Please note: As of January 20, 2021, information in some news releases may be out of date or not reflect current policies.
California Car Wash Operator to Pay $4.2 Million in Back Wages and Liquidated Damages Following U.S. Department of Labor Lawsuit
LOS ANGELES, CA – More than 800 employees at 12 Southern California car washes will receive a share of a $4.2 million recovery obtained by the U.S. Department of Labor to conclude a lawsuit filed by the Department. In a consent judgment entered by the U.S. District Court for the Central District of California in Los Angeles, car wash operator Vahid David Delrahim and his related businesses must pay $3.8 million in back wages and liquidated damages for violations of the Fair Labor Standards Act (FLSA), along with $400,000 in civil money penalties.
The lawsuit filed on behalf of the Secretary of Labor and the investigation by the Department found that Delrahim required employees at his company's car washes to work off the clock at the beginning of each shift and to clock out, but to remain at the car washes, when business was slow. The violations resulted in unpaid wages amounting to - on average - several hours of pay each day. As a result of the judgment, some employees will receive more than $10,000 in back wages.
Throughout the litigation, the court repeatedly sanctioned defendants, and reprimanded their counsel, Littler Mendelson, P.C., for coercive conduct in witness interviews and in collecting declarations from defendants' employees.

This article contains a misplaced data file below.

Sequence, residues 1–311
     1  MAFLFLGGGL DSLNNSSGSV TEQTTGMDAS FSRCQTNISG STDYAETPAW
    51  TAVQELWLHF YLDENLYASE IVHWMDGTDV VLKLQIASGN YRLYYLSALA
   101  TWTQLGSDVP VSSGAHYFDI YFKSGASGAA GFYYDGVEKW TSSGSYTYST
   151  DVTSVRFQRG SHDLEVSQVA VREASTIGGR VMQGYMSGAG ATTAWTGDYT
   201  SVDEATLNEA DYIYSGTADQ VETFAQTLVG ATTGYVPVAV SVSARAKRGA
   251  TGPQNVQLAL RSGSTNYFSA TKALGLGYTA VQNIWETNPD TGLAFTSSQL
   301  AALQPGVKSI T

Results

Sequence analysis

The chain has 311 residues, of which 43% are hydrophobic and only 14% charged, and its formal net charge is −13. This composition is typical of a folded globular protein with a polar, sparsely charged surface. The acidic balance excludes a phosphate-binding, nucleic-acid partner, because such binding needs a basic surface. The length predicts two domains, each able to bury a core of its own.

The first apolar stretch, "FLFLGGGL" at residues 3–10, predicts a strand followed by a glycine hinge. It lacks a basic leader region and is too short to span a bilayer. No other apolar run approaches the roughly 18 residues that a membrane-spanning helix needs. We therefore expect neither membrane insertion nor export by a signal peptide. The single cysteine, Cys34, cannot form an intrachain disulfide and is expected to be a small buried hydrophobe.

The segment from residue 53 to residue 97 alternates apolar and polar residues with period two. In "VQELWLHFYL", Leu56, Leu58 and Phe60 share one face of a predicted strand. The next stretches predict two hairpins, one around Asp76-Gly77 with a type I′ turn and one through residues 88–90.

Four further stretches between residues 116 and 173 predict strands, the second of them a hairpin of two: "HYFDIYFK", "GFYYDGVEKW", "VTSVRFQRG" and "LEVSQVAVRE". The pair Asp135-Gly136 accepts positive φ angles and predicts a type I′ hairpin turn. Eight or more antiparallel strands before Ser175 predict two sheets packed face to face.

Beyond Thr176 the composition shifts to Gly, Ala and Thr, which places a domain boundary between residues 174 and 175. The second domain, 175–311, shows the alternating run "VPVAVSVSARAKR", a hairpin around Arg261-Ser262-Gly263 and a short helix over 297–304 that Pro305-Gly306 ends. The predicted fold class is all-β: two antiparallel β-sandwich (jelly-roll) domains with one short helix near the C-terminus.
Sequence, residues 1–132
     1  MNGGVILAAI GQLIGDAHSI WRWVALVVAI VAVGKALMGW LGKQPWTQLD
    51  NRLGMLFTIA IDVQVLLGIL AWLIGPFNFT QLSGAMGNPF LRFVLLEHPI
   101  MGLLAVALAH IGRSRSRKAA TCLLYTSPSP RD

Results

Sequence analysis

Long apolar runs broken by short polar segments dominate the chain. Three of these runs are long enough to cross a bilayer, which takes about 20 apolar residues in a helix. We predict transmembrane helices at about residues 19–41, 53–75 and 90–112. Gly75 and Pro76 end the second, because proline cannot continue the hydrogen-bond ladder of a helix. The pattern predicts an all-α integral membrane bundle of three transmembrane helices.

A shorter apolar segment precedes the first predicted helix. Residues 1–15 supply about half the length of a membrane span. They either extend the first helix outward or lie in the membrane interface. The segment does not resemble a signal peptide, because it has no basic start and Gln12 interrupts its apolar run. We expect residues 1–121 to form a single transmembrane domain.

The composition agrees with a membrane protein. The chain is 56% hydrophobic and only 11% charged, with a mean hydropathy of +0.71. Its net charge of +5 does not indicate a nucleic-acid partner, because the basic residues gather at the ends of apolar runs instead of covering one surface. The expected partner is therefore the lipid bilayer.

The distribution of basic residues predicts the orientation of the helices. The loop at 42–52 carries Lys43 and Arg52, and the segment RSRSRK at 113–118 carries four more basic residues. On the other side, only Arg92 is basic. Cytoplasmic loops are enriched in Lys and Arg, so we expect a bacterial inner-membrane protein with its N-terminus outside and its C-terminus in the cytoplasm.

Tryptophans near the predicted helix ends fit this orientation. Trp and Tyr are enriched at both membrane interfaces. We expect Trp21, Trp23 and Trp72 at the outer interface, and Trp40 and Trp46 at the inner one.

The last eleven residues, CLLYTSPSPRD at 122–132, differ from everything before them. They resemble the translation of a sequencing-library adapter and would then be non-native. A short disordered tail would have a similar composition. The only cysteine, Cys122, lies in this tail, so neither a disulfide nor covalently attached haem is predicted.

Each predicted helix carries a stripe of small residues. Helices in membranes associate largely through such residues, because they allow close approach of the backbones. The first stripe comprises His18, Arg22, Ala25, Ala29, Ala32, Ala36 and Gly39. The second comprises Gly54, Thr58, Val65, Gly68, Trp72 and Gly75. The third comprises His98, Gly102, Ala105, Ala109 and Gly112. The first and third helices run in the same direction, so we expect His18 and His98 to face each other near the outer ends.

"This is a major win for hundreds of employees systematically abused by one of Southern California's largest car wash operators," said Wage and Hour Division Acting Regional Administrator Juan Coria, in San Francisco. "This landmark case sends a powerful message that the Department of Labor will use strong law enforcement and litigation tools to protect employees and level the playing field for law-abiding employers."
"The court's decisions make clear that our laws protect workers and neither an employer nor their attorneys may interfere with their rights," said the Department's Regional Solicitor Janet Herold. "The integrity of our justice system depends on employers' and their attorneys ensuring that a true and accurate record free of any undue influence is presented to the court."
In addition to the recovery of $4.2 million in unpaid back wages and penalties, the judgment includes several provisions to ensure defendants' future compliance with the law. They include one year of oversight of the defendants and their car washes by a court-appointed independent monitor and issuance of notices by the defendants to workers and managers regarding employees' FLSA rights.
For more information about the FLSA and other laws enforced by the Wage and Hour Division, contact the Division's toll-free helpline at 866-4US-WAGE (487-9243). Employers who discover overtime or minimum wage violations may self-report and resolve those violations without litigation through the PAID program. Information is also available at www.dol.gov/whd including a search tool to use if you think you may be owed back wages collected by WHD.